So they can take positions that then look more reasonable, whether on health care. I mean, look, the part of this, I think, is, Bernie Sanders is actually pitching -- I don't agree with any of the policy proposals, just to be clear -- but free health care, free college, free XYZ, after a while, it sounds pretty good to people who are aggrieved with the system, who don't believe that the establishment is doing the job it needs to be doing for them, who want to see the swamp drained.


This is stuff that is music to people's ears. So I agree that there's an extremism here, but I think potentially could benefit down ballot, but also could benefit people who are looking for something different.

TAPPER: What do you think?

Because, obviously, you're concerned about keeping the House of Representatives in Democratic control?

RYE: Yes, I think, first of all, we have to give voters a little bit more credit.

I think it is a lazy argument to say that, based on who's at the top of the ticket, you can't make a decision, an isolated decision, about this proposition or this particularly...

TAPPER: But people do vote more straight party line than they have in the past.

RYE: Sure.

But let me just give you another example. There was Amendment 4 on the ballot in Florida, which would re-enfranchise several people who are returning citizens from incarceration.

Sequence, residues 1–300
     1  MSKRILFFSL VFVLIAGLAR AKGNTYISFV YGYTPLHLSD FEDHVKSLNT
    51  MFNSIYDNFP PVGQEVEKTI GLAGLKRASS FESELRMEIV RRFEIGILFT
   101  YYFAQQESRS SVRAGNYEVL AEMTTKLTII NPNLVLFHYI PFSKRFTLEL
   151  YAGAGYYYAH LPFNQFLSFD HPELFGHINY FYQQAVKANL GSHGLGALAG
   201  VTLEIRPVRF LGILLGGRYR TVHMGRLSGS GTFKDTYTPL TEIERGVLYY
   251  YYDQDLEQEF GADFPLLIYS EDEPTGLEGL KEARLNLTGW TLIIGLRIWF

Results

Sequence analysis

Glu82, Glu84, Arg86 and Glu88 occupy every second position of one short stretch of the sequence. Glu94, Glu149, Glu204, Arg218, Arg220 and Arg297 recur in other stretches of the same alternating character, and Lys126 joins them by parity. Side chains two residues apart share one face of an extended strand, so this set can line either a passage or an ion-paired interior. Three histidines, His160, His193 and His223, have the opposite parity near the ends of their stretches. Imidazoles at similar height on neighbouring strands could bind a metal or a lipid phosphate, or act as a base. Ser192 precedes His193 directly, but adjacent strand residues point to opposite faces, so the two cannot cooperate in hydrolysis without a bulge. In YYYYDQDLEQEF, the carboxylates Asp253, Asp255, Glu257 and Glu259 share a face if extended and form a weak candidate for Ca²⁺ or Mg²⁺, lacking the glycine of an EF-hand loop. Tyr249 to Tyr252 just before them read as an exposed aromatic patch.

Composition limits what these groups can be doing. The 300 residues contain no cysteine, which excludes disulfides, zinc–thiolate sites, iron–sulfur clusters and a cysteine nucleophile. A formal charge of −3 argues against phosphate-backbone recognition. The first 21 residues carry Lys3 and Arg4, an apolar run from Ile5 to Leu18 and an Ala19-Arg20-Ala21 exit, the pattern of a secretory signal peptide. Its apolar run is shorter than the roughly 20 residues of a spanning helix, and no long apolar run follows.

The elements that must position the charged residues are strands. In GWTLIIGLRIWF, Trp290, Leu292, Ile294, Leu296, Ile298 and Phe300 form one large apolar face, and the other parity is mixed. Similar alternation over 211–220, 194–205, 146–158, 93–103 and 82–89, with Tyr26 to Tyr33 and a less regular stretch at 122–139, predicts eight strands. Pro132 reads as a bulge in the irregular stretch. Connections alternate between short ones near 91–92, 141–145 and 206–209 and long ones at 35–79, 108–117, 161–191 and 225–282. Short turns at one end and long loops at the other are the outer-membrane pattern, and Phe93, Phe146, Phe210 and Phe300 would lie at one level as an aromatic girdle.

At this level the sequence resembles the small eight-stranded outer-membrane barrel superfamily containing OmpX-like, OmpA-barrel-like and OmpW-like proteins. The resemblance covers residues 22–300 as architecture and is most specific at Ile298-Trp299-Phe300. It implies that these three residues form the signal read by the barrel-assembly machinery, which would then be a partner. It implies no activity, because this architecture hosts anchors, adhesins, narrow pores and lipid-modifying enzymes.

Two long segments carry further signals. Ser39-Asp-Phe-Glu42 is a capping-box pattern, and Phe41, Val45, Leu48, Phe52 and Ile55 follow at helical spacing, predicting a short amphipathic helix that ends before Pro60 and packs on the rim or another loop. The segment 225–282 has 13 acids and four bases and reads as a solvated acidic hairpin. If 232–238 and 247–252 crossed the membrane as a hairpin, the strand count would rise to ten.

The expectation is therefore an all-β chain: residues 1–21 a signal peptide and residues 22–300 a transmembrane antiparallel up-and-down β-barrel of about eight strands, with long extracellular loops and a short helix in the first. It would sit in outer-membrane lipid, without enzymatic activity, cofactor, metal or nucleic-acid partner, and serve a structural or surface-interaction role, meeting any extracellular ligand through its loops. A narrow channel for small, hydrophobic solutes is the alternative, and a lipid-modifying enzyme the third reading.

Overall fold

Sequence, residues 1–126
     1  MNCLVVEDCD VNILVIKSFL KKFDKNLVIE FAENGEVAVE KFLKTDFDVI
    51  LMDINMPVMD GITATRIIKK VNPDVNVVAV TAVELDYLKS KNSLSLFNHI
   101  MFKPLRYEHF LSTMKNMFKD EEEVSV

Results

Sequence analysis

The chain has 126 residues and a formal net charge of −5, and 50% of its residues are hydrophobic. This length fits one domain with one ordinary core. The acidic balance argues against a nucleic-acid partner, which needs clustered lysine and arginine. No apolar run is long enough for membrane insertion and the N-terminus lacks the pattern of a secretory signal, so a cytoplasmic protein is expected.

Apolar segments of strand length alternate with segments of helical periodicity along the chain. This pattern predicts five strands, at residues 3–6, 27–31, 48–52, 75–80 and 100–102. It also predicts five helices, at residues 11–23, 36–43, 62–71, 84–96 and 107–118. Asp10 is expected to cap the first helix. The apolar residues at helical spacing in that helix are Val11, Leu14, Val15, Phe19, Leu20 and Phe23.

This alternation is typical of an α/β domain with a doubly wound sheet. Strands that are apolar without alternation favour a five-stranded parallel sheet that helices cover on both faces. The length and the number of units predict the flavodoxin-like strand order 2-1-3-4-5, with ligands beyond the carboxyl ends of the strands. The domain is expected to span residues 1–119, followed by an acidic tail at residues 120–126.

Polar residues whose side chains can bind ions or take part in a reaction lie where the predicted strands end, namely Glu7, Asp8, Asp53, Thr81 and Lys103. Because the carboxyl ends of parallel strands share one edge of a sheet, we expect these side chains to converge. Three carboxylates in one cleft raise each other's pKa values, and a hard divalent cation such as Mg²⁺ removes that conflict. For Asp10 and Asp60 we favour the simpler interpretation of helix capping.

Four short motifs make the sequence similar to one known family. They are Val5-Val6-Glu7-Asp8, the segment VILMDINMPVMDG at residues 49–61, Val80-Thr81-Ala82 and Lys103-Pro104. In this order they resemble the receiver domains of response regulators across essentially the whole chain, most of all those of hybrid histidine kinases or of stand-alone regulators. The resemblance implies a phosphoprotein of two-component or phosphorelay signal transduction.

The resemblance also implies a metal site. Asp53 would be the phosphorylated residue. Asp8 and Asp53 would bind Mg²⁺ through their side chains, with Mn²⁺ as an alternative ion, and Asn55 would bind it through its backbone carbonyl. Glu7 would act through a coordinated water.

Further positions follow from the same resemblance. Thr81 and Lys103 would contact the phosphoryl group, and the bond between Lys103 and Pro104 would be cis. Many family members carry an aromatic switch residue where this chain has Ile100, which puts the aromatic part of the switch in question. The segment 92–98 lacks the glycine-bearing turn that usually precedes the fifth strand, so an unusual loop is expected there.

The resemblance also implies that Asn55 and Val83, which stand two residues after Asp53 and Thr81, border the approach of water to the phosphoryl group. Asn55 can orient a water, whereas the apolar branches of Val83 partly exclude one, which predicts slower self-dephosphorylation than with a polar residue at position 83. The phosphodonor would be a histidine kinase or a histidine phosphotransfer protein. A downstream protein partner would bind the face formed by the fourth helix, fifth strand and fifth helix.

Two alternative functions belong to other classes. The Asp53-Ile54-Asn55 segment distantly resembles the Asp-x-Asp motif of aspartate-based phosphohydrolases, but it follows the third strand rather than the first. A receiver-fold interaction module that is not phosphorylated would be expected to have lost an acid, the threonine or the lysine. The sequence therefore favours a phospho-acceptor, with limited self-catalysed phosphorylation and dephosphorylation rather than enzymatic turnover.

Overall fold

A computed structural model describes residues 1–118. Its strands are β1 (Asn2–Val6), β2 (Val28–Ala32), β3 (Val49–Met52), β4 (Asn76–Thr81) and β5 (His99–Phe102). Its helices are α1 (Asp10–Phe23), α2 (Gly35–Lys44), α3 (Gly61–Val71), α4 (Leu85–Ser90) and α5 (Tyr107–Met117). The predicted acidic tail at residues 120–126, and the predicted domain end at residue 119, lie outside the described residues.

Those -- there were people who voted for that ballot initiative who were Republican. So it had 64 percent approval or whatever. So people are still able to decipher, this person is more in alignment with my positions, this person is not.

I just don't think it's a real thing.


URBAN: Listen, candidates matter as well, right?

RYE: Absolutely.

URBAN: So Democrats will be getting great House folks to run for House seats. It all depends on who the candidate is.

It's going to be a candidate-by-candidate race in these congressional districts. They're going to be more in play, right, if you have -- in these 33 Trump districts, right?

But those are all very localized.

TAPPER: So, I want to ask you about this, because if you look at the crosstabs of the most recent "Washington Post"/ABC News poll, where Sanders is doing really well, in the head-to-head matchups between Democrat vs. Donald Trump, Bernie Sanders does the worst with white college-educated women who are credited in many ways with helping the House become Democratic in November 2018, that Bernie Sanders is the weakest among white college-educated women.

Is that a concern at all, do you think?

ROJAS: Yes, I mean, I think there's two things here.

I think, one, to kind of fold into what we were all talking about, voters don't necessarily make decisions whether or not someone is a moderate or whether someone is a progressive. It's not necessarily ideological. It is about who is putting forward policies that are not only going to defeat Donald Trump, but are actually going to transform the lives of the poor and working people in this country?

And I think largely the voters are asking themselves that question. I think, number two, obviously that demographic is really important. They were critical to the House. But they also are -- there's a number of candidates in the race.